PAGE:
posted on Jan, 3 2012 @ 09:54 PM
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Castrate him

Starve him

Make him work his final days filling in all of these pot holes in our roads.................Naked...........(dose him up on amphetimines when death is close, just to get a few mores holes filled)

It is time to get midieval on these psycos......................

Seriously, prison scares very few criminal minds.



posted on Jan, 14 2012 @ 11:47 AM
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On topic, this man deliberately went out and infected as many people as he could with what eventually amounts to a death sentence in itself, despite all of the medications that are available, for whatever reason he had in his mind for doing this he is still by his own admission a mass murderer, and should be locked away until he eventually dies from the disease he willingly passed on to others.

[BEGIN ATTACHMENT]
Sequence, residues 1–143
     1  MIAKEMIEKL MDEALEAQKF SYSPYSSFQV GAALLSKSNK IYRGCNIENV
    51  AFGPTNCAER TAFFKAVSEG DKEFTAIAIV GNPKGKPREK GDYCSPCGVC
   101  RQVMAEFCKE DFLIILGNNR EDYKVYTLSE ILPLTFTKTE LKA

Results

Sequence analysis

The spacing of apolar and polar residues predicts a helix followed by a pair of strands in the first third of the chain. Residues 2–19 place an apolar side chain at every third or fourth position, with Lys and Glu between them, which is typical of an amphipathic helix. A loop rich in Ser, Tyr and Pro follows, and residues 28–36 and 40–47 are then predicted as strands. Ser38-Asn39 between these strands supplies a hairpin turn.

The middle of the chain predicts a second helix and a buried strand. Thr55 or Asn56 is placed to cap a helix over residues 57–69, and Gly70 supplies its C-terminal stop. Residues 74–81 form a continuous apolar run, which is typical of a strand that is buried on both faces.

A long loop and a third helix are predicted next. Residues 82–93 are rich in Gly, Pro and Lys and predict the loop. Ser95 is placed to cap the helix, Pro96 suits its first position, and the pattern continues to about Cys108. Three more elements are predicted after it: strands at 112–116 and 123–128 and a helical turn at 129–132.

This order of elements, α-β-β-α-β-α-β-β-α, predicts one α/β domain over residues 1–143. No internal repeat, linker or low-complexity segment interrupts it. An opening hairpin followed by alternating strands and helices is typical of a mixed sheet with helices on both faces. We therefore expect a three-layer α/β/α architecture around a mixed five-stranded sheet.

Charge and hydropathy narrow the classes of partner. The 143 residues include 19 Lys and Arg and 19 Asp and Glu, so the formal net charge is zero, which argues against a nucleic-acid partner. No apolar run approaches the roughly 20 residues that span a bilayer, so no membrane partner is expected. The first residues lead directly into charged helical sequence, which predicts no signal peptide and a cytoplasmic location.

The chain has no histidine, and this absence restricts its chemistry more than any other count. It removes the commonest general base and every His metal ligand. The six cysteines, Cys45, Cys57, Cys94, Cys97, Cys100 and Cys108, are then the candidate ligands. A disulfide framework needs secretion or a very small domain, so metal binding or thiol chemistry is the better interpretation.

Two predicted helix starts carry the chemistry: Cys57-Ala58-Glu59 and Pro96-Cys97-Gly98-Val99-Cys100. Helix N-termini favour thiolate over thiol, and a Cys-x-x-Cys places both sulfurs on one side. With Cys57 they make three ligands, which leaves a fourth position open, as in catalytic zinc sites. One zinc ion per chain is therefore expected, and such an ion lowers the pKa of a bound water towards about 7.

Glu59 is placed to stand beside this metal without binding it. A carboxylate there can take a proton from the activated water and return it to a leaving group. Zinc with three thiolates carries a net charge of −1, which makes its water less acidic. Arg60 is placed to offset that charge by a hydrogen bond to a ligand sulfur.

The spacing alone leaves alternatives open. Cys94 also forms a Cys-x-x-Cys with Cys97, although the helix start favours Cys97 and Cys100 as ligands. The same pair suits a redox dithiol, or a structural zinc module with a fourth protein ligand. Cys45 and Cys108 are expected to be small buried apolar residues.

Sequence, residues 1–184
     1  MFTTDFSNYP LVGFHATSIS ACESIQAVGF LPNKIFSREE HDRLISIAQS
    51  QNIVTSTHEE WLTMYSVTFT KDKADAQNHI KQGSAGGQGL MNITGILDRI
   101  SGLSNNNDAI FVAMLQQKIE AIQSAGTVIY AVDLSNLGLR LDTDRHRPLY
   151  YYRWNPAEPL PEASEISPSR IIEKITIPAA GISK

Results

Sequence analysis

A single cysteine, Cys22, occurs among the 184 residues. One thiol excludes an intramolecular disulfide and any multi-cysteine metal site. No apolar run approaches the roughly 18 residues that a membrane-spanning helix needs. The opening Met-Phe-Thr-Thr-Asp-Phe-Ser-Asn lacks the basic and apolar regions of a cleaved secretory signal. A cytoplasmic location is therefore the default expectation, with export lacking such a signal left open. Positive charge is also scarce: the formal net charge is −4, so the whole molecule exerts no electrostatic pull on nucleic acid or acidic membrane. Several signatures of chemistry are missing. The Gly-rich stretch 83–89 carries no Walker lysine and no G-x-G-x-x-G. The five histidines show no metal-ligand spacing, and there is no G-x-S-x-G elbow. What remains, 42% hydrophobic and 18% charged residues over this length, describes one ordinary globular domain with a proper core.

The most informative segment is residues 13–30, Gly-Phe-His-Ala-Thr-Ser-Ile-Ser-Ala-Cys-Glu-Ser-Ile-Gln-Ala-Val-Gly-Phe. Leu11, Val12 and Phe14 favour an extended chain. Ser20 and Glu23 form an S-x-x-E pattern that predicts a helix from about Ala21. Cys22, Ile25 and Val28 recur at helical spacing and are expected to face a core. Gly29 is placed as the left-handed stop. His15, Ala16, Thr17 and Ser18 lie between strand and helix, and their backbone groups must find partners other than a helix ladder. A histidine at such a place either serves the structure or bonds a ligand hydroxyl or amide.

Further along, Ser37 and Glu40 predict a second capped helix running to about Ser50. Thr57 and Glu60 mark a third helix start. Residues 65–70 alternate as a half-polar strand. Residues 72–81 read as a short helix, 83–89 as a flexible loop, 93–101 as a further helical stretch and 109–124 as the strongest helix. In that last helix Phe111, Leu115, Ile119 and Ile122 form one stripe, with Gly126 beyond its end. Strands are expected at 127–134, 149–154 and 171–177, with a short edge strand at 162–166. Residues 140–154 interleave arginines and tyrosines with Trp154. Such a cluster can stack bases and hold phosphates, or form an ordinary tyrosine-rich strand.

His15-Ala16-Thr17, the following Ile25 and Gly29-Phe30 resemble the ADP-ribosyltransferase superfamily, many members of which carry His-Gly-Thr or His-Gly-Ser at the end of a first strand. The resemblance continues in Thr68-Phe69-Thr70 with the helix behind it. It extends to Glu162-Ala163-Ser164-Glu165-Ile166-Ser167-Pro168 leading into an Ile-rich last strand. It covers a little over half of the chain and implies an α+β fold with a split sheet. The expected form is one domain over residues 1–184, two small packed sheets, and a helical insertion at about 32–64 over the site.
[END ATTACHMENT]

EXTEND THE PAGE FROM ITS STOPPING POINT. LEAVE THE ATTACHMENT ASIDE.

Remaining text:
Slightly off topic, but still on the subject of the death penalty, it is my view that people that abuse and kill children are, at the most basic level, endangering the survival of our species, and as such I truly believe that as long as their guilt has been proven beyond any doubt, they should be executed and their bodies used to reduce the growing list for organ transplants, as this would help many people who would die through lack of transplant donors, and also in passing it would mean that the perpetrator of such horrific crimes against children will serve a useful purpose to society.
Flame away if you wish, but these are my strongly-held beliefs.